Reduced relative risk of fractures among users of lithium.Calcif Tissue Int 2005; 77(1):1-8CT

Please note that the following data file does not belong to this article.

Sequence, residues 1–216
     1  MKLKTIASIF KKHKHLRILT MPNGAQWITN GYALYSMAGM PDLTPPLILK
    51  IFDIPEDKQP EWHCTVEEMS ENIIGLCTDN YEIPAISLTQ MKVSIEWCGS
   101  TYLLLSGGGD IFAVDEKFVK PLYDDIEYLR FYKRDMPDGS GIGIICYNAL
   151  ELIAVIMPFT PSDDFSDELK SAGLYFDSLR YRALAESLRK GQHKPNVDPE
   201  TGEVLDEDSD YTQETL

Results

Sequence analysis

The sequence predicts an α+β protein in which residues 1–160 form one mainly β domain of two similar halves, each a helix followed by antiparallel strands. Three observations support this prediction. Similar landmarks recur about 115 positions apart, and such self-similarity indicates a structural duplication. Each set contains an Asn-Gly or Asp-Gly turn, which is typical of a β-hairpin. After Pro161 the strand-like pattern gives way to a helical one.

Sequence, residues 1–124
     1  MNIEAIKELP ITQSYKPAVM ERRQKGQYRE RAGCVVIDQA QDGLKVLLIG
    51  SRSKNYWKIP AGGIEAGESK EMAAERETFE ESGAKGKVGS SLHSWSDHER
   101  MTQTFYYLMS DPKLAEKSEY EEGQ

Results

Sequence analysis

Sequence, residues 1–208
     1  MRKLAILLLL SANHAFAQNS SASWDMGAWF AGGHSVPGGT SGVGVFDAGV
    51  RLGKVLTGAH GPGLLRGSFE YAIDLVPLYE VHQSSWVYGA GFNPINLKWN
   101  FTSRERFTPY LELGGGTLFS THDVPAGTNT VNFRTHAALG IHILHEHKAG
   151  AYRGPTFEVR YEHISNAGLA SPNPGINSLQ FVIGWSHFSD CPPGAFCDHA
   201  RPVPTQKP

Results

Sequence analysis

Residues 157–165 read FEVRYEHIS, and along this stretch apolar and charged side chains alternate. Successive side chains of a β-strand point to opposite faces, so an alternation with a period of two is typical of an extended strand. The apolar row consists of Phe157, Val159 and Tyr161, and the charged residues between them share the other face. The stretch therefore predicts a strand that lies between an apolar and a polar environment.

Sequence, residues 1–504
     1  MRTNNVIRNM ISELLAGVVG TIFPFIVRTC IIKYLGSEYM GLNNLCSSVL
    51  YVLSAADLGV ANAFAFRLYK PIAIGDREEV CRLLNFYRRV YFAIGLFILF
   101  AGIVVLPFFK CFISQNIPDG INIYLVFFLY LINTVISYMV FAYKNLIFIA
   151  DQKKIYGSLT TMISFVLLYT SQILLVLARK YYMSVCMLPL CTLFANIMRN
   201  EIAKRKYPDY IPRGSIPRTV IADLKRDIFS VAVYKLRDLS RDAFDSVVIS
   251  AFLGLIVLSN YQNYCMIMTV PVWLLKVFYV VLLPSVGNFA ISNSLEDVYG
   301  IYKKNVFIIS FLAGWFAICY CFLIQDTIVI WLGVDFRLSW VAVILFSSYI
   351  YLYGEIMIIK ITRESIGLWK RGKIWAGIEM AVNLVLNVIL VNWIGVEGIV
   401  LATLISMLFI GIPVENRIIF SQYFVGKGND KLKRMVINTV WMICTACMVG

Lithium has been shown to inhibit bone resorption and to interact with W nt signaling, potentially pointing to bone anabolic properties. We, therefore, studied the effects of lithium on fracture risk using a case-control study design. Cases were all subjects including children with any fracture sustained during the year 2000 (n=124,655). For each case, three controls (n=373,962) matched according to age and gender was randomly drawn from the background population. Adjustments were made for use of other psychotropic drugs (neuroleptics, antidepressants, and anxiolytics/sedatives), psychiatric disease (manic depressive states, schizophrenia, and other psychoses), and other confounders. The effect of dose was examined by stratifying for cumulated dose (DDD, defined daily dose). In the crude analysis, there was a decreasing relative risk of any fracture with increasing accumulated dose of lithium. After adjustment for psychotropic drug use, the risk of any fracture was decreased (odds ratio [OR] 0.74, 95% confidence interval [CI] 0.60--0.92 for 250--849 DDD, and OR 0.67, 95% CI 0.55--0.81 for >or= 850 DDD of lithium). For Colles' fractures and spine fractures, a significant decrease was seen with >or= 850 DDD (OR 0.57, 95% CI 0.35--0.94 for Colles' fracture and OR 0.32, 95% CI 0.11--0.95 for spine fractures). For hip fractures, a nonsignificant trend toward a decrease was seen; however, without a dose-response relationship. Adjustment for further confounders did not change the results. Lithium treatment was associated with a decreased risk of fractures potentially pointing at bone anabolic properties.